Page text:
Granted, some actual, physical work to back up the positive words would be excellent, but I think this is a pretty fantastic step forwards in it’s own right. Because there are sympathetic and genuinely nice Catholics who have opposed the authoritarian and (at times) outright evil acts of their greater hierarchy, and one of the biggest problems facing them has always been the lack of official support.

    Only, you know, now there looks to be a very good chance that the freaking POPE is on their side, willing to back them up and encourage others to do the same.

    So, overall mood… surprisingly optimistic.

  • If you listen to Dolan on the Charlie Rose Interview on CBS July 30, the pope cannot change church teachings, but only clarifies them. WTF happened to the infallible pope Mr. Prince of NYC who brags in his blog that he flies around in his Billionaire “friend’s” borrowed private jet. Care to identify your Friend Timmy? He is treating this new South American pope as if he has come to cut his grass at the Bishop’s Palace at 452 Madison Ave.?

  • TomSatsuma

    I’m not holding my breath – call me a cynic but a new pope, seeing how unpopular the old pope’s homophobia made him, tosses a bone to the gay community without actually doing anything? Sounds like a PR move that we won’t see again now.

    He’s still head of the most powerful homophobic lobby group in the world.

    I’m afraid “well done for only being a little bit homophobic” isn’t really in my vocabulary

  • I remain unimpressed. At best, Francis is just softening the harsh rhetoric that became par for the course under the previous two popes; Francis remains deeply orthodox. If you want further proof that he’s not about to make any meaningful changes regarding teachings about gender and sexuality, see the comments he made in that same press conference when asked about women becoming priests: “That door is closed.” I think misogyny and heterosexism (homophobia) are deeply connected, and if Francis is unwilling to challenge institutional sexism, he’ll be equally unwilling to make substantial change regarding teachings on sexual orientation.

  • Michael Pullmann

    The new pope is, so far, behaving more like Jesus than the old pope.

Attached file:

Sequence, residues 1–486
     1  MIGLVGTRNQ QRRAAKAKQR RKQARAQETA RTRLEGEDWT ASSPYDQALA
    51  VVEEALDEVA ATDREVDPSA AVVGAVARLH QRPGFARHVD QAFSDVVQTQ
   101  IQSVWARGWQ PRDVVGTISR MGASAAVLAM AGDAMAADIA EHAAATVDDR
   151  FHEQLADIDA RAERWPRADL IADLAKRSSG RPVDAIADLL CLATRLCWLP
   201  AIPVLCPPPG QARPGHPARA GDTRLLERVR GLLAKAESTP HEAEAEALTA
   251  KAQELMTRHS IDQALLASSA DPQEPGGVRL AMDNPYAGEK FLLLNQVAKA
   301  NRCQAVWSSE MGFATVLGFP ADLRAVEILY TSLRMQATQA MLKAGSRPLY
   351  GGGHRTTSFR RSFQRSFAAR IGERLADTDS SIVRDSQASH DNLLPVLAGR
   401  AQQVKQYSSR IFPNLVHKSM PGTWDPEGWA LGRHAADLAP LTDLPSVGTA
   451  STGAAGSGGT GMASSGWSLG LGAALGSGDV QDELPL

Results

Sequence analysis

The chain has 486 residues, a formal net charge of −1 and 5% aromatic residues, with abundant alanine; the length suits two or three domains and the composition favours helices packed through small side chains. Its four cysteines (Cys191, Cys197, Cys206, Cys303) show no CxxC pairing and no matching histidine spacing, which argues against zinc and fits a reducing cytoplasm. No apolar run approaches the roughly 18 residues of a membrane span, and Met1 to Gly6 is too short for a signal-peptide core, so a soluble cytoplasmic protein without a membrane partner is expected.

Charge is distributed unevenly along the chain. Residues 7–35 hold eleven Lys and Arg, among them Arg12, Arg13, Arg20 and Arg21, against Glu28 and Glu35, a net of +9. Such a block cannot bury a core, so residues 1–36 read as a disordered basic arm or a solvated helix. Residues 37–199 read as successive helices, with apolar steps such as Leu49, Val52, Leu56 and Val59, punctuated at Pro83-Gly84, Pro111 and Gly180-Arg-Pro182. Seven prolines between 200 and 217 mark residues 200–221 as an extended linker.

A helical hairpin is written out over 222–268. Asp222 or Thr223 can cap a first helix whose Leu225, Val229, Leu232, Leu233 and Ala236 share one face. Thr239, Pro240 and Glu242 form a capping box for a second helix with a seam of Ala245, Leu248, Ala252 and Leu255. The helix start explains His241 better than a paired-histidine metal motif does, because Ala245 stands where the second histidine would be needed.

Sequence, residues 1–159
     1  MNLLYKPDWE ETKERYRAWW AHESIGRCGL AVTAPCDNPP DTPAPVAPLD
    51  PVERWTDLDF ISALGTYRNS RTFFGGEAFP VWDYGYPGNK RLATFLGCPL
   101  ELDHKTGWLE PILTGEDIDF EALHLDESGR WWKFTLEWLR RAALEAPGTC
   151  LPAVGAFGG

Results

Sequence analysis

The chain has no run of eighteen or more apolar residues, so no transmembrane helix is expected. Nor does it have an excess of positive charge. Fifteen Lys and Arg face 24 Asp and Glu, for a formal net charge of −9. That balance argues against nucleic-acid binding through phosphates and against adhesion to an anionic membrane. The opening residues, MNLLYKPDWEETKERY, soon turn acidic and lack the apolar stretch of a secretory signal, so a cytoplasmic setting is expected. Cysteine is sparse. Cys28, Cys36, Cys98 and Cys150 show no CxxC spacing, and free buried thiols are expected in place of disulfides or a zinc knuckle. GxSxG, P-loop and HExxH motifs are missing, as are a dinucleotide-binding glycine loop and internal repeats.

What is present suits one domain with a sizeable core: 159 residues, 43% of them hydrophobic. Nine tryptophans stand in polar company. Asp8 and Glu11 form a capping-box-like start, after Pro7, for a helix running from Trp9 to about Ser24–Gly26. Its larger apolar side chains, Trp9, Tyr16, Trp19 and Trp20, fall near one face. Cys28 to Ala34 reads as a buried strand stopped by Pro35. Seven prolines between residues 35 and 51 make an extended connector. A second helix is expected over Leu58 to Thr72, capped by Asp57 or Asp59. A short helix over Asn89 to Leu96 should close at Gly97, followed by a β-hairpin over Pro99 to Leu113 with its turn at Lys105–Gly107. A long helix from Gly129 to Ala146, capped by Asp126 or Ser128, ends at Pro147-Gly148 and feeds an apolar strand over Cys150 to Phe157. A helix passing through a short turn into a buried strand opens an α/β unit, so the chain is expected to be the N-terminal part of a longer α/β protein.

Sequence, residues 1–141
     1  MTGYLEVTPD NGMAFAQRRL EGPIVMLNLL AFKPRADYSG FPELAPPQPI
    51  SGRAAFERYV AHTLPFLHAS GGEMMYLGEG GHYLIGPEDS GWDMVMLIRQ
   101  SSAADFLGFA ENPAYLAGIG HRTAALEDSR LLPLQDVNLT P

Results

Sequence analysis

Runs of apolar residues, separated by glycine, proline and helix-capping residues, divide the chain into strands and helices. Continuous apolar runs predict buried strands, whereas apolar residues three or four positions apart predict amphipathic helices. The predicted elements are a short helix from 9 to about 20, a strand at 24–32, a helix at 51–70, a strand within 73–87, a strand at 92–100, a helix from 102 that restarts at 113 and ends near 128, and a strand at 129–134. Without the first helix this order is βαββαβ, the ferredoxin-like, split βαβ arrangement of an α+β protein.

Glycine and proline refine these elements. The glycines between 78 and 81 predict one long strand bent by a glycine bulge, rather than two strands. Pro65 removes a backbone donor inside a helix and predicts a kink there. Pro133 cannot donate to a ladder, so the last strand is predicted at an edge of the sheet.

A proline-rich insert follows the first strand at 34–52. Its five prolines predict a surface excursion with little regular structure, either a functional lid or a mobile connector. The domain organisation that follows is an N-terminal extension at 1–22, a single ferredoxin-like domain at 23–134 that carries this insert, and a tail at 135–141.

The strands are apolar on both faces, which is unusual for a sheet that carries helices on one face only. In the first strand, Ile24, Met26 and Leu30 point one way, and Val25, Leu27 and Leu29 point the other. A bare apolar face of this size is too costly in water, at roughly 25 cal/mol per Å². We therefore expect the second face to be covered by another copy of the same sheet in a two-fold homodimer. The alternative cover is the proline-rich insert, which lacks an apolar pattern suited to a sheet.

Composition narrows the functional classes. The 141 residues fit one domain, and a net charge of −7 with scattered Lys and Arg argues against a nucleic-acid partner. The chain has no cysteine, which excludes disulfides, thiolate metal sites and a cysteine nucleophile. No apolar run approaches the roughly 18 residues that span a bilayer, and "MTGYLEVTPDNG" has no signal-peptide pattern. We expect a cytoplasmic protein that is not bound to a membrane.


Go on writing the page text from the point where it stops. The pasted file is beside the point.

Then again, look at the old pope…

  • AnonCollie

    As a long suffering Catholic, struggling with the tatters of faith I’ve got left in the church, this fills me with a spark of hope that we’re finally, *finally* moving in the right direction, even if it’s just a small step.

    Francis definitely shows that he’s not the gilded monarch Benedict was, and to a lesser extent JPII. He’s got the entrenched bureaucracy running scared of his reform committees, and he’s taking a very Ignatian view of poverty and solidarity, which as someone who was Ignatian educated is awesome.

    This statement doesn’t change the church’s position on LGBT people overall. But it shows Francis to be the compassionate pontiff the Church needs right now, instead of a Benedict-esqe Oligarch.

    Dolan can run all the damage control he wants; it doesn’t matter. The message is very clear that despite how dark the night’s been, the first few flecks of dawn are finally showing themselves on the horizon.

  • Figs

    I think pressure needs to be kept up, of course, but I also think that even meager steps in the right direction need to be acknowledged, especially from organizations as ossified as the Catholic church. If the Pope decides that this statement is good enough and that’s all he’s going to do, then I’ll be with everybody else saying that it means nothing. But I’m willing to wait and see what the follow-up is, and if it’s more steps, even if they’re very small and even if it’s only a trickle, that will still be a good thing.

  • Ursula L

    Who is he to judge? He’s the pope, that’s who.

    “Who am I to judge” is certainly fine Baptist theology. And Baptists organize themselves so that no one has the right to judge, and no one has the authority to impose religious rules on others.

    But the Pope isn’t Baptist. He’s the Catholic Pope. He has the authority to set policy and rules for that denomination. And saying “who am I to judge” is a moral cop-out, evading his responsibility to set good rules. If he thinks that gay people are being unfairly judged, then it is both within his authority an therefore his responsibility to set policies and rules that correct the problem. To judge that gay people are being hurt, and judge those who are hurting them as doing wrong.